Is Remote Work Affecting Your Sleep?
Modern technology has made it possible to work from anywhere and at any time, which means the percentage of remote workers is rising. As more of us work remotely, though, we are losing hours of sleep. We're here to explain why this is happening and what you can do to get better sleep.
Roughly 42% of the American workforce is now made up of remote workers
Remote work has been connected to a less consistent sleep
Remote workers can take steps to cultivate a healthy and sustainable sleep schedule
Did you know?
Sunlight also plays an important role in good sleep habits! When working from home, it can help to take a walk or exercise outside during the day and set up your workstation close to a sunny window.
If you work remotely then you understand the struggle of work time bleeding into your personal time. Although remote work boasts attractive benefits like being able to work out of your bedroom or from your favorite coffee shop, scientists know that there is one major downside to working remotely: sleep loss.
If you’ve been noticing that it takes longer to fall asleep or that you wake up periodically during the night, it may be because of your remote work habits. So how can you change this? Luckily, there are several simple steps you can take to improve your sleeping habits while continuing to enjoy the perks of your remote role.
Why Remote Work Impacts Your Sleep
A 2017 study done by the International Labour Organization revealed the lasting impact that modern technology and telework have on our daily habits. Now that we can access information from anywhere by using laptops, phones, and tablets, it means the time that we spend working has no fixed beginning and end. In other words, that 9 pm email is able to get into your head and keep you up all night.
Before telework was possible, our workdays started when we drove to work and ended when we drove home. With remote work, our workday doesn’t have clearly defined starting times and stopping times. Now our smartphones bring work to the breakfast table and bedside table, whether we’re actively checking notifications or not. And accordingto a recent study by Stanford University, 42% of Americans are balancing a work-from-home life.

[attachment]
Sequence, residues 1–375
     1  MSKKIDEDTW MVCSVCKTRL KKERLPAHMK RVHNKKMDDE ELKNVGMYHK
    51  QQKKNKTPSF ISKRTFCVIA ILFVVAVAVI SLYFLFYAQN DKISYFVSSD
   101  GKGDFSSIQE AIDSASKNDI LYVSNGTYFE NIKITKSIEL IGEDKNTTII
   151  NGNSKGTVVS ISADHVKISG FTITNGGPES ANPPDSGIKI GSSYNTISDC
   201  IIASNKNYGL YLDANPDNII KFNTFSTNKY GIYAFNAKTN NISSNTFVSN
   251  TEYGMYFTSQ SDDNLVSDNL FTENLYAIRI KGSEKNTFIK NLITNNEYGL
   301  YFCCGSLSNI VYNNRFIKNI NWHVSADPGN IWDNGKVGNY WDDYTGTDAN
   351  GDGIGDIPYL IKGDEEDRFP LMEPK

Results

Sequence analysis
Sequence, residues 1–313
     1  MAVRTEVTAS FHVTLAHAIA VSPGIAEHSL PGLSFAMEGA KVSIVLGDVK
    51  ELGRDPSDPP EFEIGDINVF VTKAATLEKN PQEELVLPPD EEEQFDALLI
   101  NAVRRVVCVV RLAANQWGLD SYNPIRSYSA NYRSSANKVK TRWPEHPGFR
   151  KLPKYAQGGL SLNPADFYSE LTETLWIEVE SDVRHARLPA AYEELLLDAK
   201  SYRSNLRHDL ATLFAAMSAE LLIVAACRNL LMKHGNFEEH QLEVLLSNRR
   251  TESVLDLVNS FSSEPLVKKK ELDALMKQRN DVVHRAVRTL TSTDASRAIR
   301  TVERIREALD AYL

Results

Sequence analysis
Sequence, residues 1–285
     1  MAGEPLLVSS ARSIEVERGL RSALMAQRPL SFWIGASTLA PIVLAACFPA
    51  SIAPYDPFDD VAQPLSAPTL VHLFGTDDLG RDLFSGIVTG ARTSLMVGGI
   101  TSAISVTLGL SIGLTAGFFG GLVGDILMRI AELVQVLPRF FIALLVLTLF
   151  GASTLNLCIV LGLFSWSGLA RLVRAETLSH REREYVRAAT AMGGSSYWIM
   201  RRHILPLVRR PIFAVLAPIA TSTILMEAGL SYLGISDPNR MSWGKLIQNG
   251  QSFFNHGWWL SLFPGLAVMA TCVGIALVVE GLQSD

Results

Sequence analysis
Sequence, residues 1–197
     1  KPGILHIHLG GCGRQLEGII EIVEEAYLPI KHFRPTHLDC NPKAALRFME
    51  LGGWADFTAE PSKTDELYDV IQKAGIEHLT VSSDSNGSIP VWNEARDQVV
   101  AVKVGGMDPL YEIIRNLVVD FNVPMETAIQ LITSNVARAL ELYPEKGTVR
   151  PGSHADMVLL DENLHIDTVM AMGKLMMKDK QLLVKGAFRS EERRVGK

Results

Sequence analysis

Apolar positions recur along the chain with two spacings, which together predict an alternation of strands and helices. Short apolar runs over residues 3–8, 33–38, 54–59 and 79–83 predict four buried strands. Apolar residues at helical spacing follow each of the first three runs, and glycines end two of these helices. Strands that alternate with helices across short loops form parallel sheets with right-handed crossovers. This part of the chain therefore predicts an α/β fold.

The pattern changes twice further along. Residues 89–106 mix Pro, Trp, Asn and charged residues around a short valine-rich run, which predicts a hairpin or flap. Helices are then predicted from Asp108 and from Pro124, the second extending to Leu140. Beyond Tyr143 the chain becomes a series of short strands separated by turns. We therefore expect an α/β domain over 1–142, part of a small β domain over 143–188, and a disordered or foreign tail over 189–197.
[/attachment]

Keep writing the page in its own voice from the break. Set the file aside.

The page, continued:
So what does this mean for our sleeping habits? One of the essential keys to getting a good night's rest is being able to turn our brains “off.” To do this, our bodies need a safe and stress-free space dedicated to resting. If we aren’t careful, remote work can infiltrate that safe space. Instead of falling asleep quickly, we lie awake thinking about our current projects or upcoming meetings.
How Can Remote Workers Get Better Sleep?
If you love your remote job but want to find ways to improve your sleeping habits, we’ve got some tips and tricks to help you on your way to a better sleep schedule. Remember, adjusting your sleep habits can take time, so there’s no need to stress if you don’t see an immediate change.!
Workspace vs. Sleep Space
One of the nicest parts about working from home is how comfy it can be: instead of being confined to a cramped cubicle, you can spread out across your living space. And as time goes on, it can start to seem comfortable to lounge in bed with laptop in hand. But this forms a mental connection between your bed and work-related worries. . Later that night, when you’re lying in bed to go to sleep, your brain might automatically turn to the topic of work — keeping you awake late into the night.
The best way to solve this is to stop working from bed altogether. Set up a workstation in a separate room or designate a corner of your bedroom as your workspace. Follow and stick to a routine that tells your brain when it’s time to work and when it’s time to rest.
Adding some extra coziness to your workstation might be a great way to incentivize yourself to leave your bed behind. A supportive chair, stress relief knot pillow, or weighted blanket can all be helpful in creating a calm area that you actually want to work in. Weighted blankets might be a good solution to reduce your daytime stress levels, too, which can also help you sleep better once nighttime rolls around. If you’re new to weighted blankets, our cozy Cotton Napper might be a good option – or you can check out our guide to figure out the best choice for you.
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Good Sleep Habits — Anytime and Anywhere
Once you’ve defined your workspace, a good next step is to practice healthy sleep habits both during the day and in the evening. This looks different for different people, but you can start by limiting your caffeine intake while you work and establishing a consistent bedtime. Try to avoid eating too much after dinner, since indigestion can keep you awake, and turn off screens at least an hour before you’re ready to sleep.
If it’s difficult to stick to these practices, you can talk with your friends and relatives and ask them to check in on you throughout the day. A support system can be a big help in establishing good sleep hygiene! And don’t forget that daytime naps can be a healthy addition to your routine. Whether you work from home or in an office, we hope you can find strategies to keep your sleep schedule separate from work-related stress.